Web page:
The American Health Information Management Association has issued a white paper on data mapping and how it affects data integrity.

“The increased demands for data sharing and interoperability, especially across different practice settings and different classification systems, increase reliance on data mapping tools and techniques,” the report explains. “The use of these tools requires frequent integrity checks. Understanding the role and context of data maps, as well as their strengths and weaknesses, is essential in ensuring the reliability of the data entries derived from maps.”

The report gives several examples of inappropriate mapping practices. For instance, the SNOMED CT terminology includes content for human and veterinary medicine, so “it is critical to ensure the correct reference set is used to exclude terms exclusively used for non-human concepts when working on human-only content.”

Another example: Maps should not be used as a substitute for health record encoding, as maps are created without context and available information to assign codes. “For example, the term ‘allergy to penicillin’ can be appropriately coded when the context of the health record reveals this is a history or status rather than an acute allergic reaction. However, in mapping, this same contextual information is not available, which requires guidance for the user to confirm results.” AHIMA also counsels against creating maps internally with unqualified personnel, but to use skilled individuals familiar with data mapping requirements, limitations and pitfalls.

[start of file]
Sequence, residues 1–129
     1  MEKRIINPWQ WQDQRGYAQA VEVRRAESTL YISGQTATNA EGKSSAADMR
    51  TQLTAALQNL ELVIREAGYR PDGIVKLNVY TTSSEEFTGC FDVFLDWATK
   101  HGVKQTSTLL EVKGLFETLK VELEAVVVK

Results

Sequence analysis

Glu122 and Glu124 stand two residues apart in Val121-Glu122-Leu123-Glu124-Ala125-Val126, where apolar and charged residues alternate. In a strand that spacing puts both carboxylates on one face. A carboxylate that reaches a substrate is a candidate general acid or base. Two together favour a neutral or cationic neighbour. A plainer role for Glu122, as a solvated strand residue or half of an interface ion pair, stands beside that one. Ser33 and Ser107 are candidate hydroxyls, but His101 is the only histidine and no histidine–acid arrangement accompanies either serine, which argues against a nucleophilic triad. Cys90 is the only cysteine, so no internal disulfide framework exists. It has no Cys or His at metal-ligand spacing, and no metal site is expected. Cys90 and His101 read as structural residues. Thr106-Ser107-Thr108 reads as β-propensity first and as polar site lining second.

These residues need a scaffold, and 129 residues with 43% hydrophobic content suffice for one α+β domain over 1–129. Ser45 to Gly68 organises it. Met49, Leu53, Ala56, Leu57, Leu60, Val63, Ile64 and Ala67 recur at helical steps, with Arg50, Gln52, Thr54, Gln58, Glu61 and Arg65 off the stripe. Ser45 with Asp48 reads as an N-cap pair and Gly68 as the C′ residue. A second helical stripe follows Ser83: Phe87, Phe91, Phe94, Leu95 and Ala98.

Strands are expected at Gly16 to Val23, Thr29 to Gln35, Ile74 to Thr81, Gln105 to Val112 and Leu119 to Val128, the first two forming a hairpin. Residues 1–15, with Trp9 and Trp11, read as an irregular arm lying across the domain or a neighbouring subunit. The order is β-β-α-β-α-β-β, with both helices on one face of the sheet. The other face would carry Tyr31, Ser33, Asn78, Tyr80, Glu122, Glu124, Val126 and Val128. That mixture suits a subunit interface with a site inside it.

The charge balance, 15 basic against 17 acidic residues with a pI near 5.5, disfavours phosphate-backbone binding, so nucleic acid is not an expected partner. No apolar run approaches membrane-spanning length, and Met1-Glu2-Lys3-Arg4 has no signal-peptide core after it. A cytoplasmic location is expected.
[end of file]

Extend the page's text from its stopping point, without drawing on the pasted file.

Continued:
All managers of health information should identify all existing applications that are using maps of any kind, and vendors should provide a list of maps that transpose or translate one data set to another being used for review, the association advises. “HIM professionals should be aware of and monitor these, since there is significant potential for error if the vendor is not keenly aware of the content and how it is designated to be used.” Further, maintenance of maps cannot be ignored as the source and target systems for any map can be expected to change over time.

The guidance also details 10 challenges in electronic systems and workflows that can affect data integrity. These challenges cover drop down pick lists, computer-assisted encoding, use of templates developed from mapped data, workflows involving maps, forgetting to update maps, automated mapping, interface engines, default responses, duplicate data entries and system override capabilities. The 8-page guidance is available here.

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